As surrogacy rises in popularity – further spurred on by a slew of celebrities having children via surrogates, including popstar Grimes and Labour MP Liz Kendall – more Christian couples will inevitably consider it. Before delving into the ethical issues for believers, it is important to acknowledge infertility is deeply painful and hard to comprehend for those who have not experienced it. In many ways, surrogacy could be seen as a selfless way to begin a family if ordinary biological conception is not possible – inviting other adults to know, love and, in some ways, parent the child you long for.

But there are several ethical concerns. Firstly, commercial surrogacy cannot be seen solely as a harmless transaction. It is unavoidable that surrogacy tends to see wealthy – mostly white – Western couples pay to place their embryos in the wombs of poor, often black or brown, women. On top of the uncomfortable neo-colonial overtones, the sums of money involved are troubling. Even after the surrogacy agency has taken its fee, a surrogate mother can still earn tens of thousands of pounds – equivalent to several years’ salary in some countries. This creates a power imbalance. While no one is compelling a surrogate to hire out her womb, it is easy for rich Westerners to be seen as exploiting the poverty of surrogates for their own needs. Concerns such as these led India, previously home to one of the world’s largest fertility tourism industries, to ban commercial surrogacy for foreigners in 2015. It is also why commercial surrogacy remains illegal in most developed nations, including the UK.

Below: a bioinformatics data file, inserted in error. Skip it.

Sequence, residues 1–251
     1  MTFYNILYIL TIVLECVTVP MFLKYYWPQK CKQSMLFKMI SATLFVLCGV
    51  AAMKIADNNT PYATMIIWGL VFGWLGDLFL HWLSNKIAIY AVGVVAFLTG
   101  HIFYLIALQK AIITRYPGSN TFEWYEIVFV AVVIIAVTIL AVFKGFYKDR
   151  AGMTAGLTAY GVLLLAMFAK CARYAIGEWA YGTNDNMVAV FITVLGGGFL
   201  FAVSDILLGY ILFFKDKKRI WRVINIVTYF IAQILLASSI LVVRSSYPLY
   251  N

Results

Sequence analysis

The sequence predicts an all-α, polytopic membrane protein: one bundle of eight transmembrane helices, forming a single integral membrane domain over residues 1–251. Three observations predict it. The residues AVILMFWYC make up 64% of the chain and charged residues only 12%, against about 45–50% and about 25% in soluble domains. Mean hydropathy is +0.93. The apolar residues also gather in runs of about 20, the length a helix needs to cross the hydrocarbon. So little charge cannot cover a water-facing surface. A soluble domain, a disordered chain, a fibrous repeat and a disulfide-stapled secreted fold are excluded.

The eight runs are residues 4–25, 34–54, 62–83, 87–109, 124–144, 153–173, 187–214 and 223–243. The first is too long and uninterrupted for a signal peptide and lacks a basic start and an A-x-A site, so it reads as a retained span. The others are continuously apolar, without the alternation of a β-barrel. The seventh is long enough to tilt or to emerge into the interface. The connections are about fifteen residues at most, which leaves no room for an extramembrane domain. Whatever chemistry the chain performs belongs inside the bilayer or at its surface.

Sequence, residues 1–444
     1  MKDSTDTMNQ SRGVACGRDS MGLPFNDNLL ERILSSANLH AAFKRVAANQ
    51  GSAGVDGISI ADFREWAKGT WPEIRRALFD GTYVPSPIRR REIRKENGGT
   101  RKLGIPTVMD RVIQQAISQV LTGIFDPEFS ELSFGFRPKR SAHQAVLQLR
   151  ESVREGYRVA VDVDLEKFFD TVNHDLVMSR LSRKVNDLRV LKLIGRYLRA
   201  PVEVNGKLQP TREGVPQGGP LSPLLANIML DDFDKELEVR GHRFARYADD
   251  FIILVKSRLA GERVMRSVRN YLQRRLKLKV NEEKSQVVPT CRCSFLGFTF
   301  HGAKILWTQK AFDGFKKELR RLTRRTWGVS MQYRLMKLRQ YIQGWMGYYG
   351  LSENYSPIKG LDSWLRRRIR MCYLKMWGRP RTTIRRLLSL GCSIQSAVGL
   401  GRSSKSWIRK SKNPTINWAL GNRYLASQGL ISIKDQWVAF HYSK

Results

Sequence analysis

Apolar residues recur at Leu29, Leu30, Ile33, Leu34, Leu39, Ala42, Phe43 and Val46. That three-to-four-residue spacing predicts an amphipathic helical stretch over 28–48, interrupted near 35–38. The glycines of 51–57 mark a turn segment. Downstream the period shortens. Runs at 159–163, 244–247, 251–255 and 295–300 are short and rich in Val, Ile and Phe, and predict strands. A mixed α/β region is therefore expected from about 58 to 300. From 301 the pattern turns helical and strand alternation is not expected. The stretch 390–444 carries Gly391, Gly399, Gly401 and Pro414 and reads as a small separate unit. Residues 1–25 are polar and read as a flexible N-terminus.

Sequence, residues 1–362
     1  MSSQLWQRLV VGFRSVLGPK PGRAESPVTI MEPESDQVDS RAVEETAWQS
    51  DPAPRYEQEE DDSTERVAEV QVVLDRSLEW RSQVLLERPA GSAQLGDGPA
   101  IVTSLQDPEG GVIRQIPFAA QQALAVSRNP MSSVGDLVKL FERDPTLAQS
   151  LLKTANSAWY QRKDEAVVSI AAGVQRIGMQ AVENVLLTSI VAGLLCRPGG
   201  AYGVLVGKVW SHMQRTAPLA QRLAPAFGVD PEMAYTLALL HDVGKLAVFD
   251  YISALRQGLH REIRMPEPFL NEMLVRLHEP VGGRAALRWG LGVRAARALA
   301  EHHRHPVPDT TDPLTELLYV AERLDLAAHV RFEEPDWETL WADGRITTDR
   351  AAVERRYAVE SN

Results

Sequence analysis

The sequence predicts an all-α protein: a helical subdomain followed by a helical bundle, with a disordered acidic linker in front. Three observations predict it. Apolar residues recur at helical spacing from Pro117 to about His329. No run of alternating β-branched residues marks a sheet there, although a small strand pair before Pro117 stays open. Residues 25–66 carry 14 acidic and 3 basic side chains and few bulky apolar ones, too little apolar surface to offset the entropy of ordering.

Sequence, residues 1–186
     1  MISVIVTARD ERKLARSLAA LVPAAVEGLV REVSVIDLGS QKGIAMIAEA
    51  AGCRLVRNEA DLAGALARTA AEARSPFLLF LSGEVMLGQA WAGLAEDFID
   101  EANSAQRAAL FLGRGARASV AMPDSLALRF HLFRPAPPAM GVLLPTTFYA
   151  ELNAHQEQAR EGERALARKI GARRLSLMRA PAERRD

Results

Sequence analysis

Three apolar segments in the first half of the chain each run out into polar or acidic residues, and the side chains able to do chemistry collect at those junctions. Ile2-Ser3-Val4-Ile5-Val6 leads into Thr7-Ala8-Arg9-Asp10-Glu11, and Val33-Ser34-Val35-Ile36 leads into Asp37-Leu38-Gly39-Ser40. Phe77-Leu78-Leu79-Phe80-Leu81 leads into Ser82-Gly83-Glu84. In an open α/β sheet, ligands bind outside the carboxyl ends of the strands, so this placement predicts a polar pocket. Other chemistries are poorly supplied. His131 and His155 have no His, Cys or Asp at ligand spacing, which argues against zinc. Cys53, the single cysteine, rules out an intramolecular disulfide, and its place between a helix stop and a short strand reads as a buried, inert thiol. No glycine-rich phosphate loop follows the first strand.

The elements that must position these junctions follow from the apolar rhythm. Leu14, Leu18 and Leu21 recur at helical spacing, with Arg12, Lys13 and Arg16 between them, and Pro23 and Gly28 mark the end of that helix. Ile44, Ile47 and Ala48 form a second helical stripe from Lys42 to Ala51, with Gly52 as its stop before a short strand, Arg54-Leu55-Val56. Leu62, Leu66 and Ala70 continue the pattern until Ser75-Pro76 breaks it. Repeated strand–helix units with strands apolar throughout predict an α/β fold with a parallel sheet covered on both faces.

Its popularity is spurred on by a slew of celebrities having children via surrogates 

Screenshot 2022-05-31 at 14.21.42

(Left to right) Popstar Grimes, Liz Kendall MP, Elton John and David Furnish and footballer Cristiano Ronaldo are all reported to have had children through surrogacy

When a couple is unable to conceive naturally, IVF uses technology to fertilise the mother’s egg with the father’s sperm in a lab, before planting the embryo back into the mother’s womb. In surrogacy, a third party (or even a fourth and fifth if donated egg and/or sperm are used to create the embryo) is introduced. Commissioning parents ‘borrow’ another woman’s womb for nine months, before taking the child back. We know from scripture that all people are made “in the image of God” (Genesis 1:27). A woman’s womb is not a distinct vessel that can be hired out, it is irreducibly bound up in their identity and personhood. So surrogacy is asking a third party to become a mother; to nurture and nourish a new life growing inside her for nine months, and then immediately give the child away, often not seeing them ever again. Can this be healthy and life-giving for the surrogate or the child? Will it have a spiritual or emotional impact on the commissioning parents to demand this kind of sacrifice from another human being?